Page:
Pre-Hispanic Idol


Shown here are three views of a stylized ceramic sitting human figure. The head lacks facial expression and is a simple extension of a long neck. The arms are reduced to stumps that seem to represent biceps. The legs push forward in a ring shape. The burnished piece is painted all over in red. It was found during an archeological excavation in 1970, among sediments around the ruins and burials in the Painted Cave (Cueva Pintada) at Galdar, Gran Canaria, in the Canary Islands of Spain. This is one of the most important pieces of the pre-Hispanic enclave’s collection of painted idols. Most of these terracottas take anthropological form, usually the feminine figure. They constitute a homogeneous but unique group among a culture that favors geometrical representation in its decorative motifs on diverse media, such as ceramics, fur, or murals. What the function of these idols was for the pre-Hispanic Canarian society is uncertain but could be related to fertility ritual practices. This piece is in the collections of the Museum and Archaeological Park Cueva Pintada.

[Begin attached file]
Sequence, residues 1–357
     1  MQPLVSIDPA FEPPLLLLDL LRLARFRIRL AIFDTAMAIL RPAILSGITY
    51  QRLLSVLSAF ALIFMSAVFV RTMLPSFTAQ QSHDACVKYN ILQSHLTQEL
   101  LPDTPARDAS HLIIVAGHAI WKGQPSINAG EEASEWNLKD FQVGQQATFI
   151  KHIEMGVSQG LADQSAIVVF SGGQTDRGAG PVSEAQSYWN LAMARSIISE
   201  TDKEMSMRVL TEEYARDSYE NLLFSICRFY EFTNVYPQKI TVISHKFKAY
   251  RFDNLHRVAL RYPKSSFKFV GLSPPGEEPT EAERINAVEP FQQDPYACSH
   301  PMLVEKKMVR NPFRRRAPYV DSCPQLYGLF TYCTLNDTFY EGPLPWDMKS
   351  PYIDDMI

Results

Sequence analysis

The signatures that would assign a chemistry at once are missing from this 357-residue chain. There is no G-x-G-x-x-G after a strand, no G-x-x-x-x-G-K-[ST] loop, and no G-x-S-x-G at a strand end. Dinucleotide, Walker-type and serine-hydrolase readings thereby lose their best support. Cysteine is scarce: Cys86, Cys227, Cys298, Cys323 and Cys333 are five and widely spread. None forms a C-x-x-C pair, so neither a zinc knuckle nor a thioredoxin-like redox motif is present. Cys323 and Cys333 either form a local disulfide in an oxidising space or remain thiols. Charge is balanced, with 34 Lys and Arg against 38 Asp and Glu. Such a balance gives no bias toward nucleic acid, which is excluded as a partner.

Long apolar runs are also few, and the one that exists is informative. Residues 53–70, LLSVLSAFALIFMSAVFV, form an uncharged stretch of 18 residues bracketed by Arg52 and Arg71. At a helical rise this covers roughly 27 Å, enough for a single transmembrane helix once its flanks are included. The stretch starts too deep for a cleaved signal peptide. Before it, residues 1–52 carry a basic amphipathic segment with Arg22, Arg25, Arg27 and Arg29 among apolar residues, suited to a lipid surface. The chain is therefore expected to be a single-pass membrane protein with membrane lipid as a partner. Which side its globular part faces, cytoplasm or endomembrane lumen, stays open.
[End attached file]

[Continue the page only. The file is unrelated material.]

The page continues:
Last updated: June 13, 2016